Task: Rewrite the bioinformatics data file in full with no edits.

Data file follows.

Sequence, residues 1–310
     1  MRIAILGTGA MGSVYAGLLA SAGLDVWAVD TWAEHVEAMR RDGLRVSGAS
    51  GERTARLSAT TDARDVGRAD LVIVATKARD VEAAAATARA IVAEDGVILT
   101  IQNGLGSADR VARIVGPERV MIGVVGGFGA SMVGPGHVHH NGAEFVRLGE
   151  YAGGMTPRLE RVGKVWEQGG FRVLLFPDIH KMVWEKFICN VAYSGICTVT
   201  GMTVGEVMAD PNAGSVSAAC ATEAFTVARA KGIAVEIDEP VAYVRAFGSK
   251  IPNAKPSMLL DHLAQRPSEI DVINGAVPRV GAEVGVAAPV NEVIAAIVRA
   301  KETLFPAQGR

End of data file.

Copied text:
Sequence, residues 1–310
     1  MRIAILGTGA MGSVYAGLLA SAGLDVWAVD TWAEHVEAMR RDGLRVSGAS
    51  GERTARLSAT TDARDVGRAD LVIVATKARD VEAAAATARA IVAEDGVILT
   101  IQNGLGSADR VARIVGPERV MIGVVGGFGA SMVGPGHVHH NGAEFVRLGE
   151  YAGGMTPRLE RVGKVWEQGG FRVLLFPDIH KMVWEKFICN VAYSGICTVT
   201  GMTVGEVMAD PNAGSVSAAC ATEAFTVARA KGIAVEIDEP VAYVRAFGSK
   251  IPNAKPSMLL DHLAQRPSEI DVINGAVPRV GAEVGVAAPV NEVIAAIVRA
   301  KETLFPAQGR